IMP

Interplanetary Monitoring Platform
IMP H & J (7 & 8)

Low-Energy Proton and Electron Differential Energy Analyzer (LEPEDEA)
Instrument Descriptions

NSSDC ID: 72-073A-04/73-078A-04
Mission Name: IMP-H/IMP-J
Principal Investigator: Frank


These experiments were designed to measure the energy spectra of low-energy electrons and protons in the geocentric range of 30 to 40 earth radii to give further data on geomagnetic storms, aurora, tail and neutral sheet, and other magnetospheric phenomena. The detectors were a dual-channel, curved-plate electrostatic analyzer (LEPEDEA - low energy proton and electron differential energy analyzer) with 16 energy intervals between 5 eV and 50 keV. They had an angular field of view of 9° x 25°. The detectors could be operated in one of two modes: (1) one providing good angular resolution (16 directions for each particle energy band) once each 272 s, and (2) the other providing good temporal resolution in which the entire energy range in four directions was measured every 68 s.

For further details on IMP-H, see Frank, L. A. et al., J. Geophys. Res., 82, p. 129, 1977.

For further details on IMP-J, see Frank, L. A. et al., J. Geophys. Res., 81, p. 5859, 1976.


Spacecraft Descriptions

IMP 7 Description


Launch Date: 1972-09-23 at 13:20:00 UTC
On-orbit dry mass: 390.00 kg

IMP-H continued the study begun by earlier IMP spacecraft of the interplanetary and magnetotail regions from a nearly circular orbit, near 37 earth radii. This 16-sided drum-shaped spacecraft was 157 cm high and 135 cm in diameter. It was designed to measure energetic particles, plasma, and electric and magnetic fields. The spin axis was normal to the ecliptic plane, and the spin period was 1.3 s. The spacecraft was powered by solar cells and a chemical battery. Scientific data were telemetered at 1600 bps (with a secondary 400-bps rate available). The spacecraft was turned off on October 31, 1978.

IMP 8 Description


Launch Date: 1973-10-26
On-orbit dry mass: 371.00 kg
Nominal Power Output: 150.00 W

IMP 8 (Explorer 50), the last satellite of the IMP series, was a drum-shaped spacecraft, 135.6 cm across and 157.4 cm high, instrumented for interplanetary and magnetotail studies of cosmic rays, energetic solar particles, plasma, and electric and magnetic fields. Its initial orbit was more elliptical than intended, with apogee and perigee distances of about 45 and 25 RE. Its eccentricity decreased after launch. Its orbital inclination varied between 0° and about 55° with a periodicity of several years. The spacecraft spin axis was normal to the ecliptic plane, and the spin rate was 23 rpm. The data telemetry rate was 1600 bps. The spacecraft was in the solar wind for 7 to 8 days of every 12.5 day orbit. Telemetry coverage was 90% in the early years, but only 60-70% through most of the 1980's and early 1990's. The objectives of the extended IMP-8 operations were to provide solar wind parameters as input for magnetospheric studies and as a 1-AU baseline for deep space studies, and to continue solar cycle variation studies with a single set of well-calibrated and understood instruments.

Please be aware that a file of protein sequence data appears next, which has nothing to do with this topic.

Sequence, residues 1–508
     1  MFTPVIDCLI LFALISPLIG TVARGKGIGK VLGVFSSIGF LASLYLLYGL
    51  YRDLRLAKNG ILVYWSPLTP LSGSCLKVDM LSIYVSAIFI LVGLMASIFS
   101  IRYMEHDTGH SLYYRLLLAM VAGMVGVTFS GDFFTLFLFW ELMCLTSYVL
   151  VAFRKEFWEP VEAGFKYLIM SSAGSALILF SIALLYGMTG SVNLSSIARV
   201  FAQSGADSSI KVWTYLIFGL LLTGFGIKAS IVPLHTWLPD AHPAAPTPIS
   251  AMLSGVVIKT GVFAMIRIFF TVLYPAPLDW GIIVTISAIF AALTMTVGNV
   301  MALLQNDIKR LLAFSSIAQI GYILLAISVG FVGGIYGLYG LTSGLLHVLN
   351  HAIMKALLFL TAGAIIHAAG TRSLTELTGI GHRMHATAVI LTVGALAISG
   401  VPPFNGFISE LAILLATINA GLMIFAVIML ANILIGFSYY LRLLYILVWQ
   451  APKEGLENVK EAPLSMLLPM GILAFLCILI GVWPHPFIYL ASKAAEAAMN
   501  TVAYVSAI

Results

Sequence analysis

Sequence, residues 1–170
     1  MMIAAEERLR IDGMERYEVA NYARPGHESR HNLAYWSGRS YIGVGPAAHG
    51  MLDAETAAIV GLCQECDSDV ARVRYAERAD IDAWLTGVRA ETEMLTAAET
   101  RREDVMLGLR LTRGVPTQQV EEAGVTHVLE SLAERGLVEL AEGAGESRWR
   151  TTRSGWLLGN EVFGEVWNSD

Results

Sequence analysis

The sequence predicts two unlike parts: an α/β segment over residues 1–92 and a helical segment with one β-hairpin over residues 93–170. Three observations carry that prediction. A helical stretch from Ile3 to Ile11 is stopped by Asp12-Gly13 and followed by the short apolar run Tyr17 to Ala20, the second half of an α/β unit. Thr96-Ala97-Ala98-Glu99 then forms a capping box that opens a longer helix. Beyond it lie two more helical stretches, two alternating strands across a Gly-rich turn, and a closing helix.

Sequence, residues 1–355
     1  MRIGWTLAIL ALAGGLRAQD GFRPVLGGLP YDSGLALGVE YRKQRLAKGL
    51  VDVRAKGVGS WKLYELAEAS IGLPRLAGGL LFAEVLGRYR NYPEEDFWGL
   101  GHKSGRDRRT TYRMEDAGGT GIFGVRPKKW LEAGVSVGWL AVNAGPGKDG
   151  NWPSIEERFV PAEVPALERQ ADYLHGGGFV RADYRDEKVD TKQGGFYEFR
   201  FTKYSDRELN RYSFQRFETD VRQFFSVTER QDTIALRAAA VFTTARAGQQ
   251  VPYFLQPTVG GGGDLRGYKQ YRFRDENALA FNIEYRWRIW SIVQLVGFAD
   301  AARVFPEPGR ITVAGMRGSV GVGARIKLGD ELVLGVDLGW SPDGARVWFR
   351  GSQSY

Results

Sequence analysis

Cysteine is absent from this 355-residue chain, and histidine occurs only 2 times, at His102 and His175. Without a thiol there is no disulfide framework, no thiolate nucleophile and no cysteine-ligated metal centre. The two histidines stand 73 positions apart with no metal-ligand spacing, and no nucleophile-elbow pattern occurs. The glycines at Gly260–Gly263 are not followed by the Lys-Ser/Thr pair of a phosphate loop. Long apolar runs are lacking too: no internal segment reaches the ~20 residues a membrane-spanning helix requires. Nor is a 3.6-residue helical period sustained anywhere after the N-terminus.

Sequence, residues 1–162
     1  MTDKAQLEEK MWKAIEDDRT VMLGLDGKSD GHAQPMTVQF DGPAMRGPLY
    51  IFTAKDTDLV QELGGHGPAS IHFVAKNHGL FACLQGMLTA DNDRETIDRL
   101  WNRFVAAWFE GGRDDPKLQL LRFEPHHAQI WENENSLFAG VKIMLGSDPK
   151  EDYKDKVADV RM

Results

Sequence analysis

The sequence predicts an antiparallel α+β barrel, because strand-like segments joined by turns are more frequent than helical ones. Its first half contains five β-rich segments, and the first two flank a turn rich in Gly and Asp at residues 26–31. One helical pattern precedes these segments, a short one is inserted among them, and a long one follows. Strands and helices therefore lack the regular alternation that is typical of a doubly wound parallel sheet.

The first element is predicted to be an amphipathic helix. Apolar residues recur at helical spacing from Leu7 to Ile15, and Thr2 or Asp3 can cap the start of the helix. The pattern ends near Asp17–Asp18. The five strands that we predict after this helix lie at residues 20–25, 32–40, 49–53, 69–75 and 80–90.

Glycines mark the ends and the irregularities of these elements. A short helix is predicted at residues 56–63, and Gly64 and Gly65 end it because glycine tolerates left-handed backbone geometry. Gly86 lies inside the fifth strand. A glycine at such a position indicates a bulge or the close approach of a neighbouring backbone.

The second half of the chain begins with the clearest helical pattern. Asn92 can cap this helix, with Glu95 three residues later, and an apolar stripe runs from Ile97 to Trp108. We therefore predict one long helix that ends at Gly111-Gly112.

IMP SpectrogramIMP LEPEDEA Survey Spectrogram

This is a sample of spectrogram data from one of the LEPEDEA Instruments on board an IMP spacecraft.

Data Availability

NOTE: Both the IMP-H and IMP-J have an extended period of time of overlap and the survey images are stored together in the same directories. The filenames will start with IMPH or IMPJ appropriately. All the images are 1024 x 768 and ranging in size up to 210 kB each.

IMP-H Survey spectrograms like that above are currently available as GIF images for 24 hour periods ranging from 25 Sep 1972 (72/269) to 31 Oct 1978 (78/304). They are sorted by year and then by quarter-year sub-directories.

IMP-J Survey spectrograms like that above are currently available as GIF images for 24 hour periods ranging from 15 Nov 1973 (73/319) to 13 Aug 1996 (96/226). They are sorted by year and then by quarter-year sub-directories.

[NEW!] LEPEDEA Distribution Function data as well as plasma moments are now available from NSSDC's FTPWeb Helper.

IMP Related Bibliography

IMP LEPEDEA Research Contacts

The LEPEDEA instrument team is lead by Dr. Louis A. Frank.

Related IMP Web Sources


[WWW-PI Home] [Galileo PLS] [Geotail CPI] [Polar VIS] [Dynamics Explorer SAI] [ISEE LEPEDEA]

Last Modified: Wed Feb 12 11:32:39 2014
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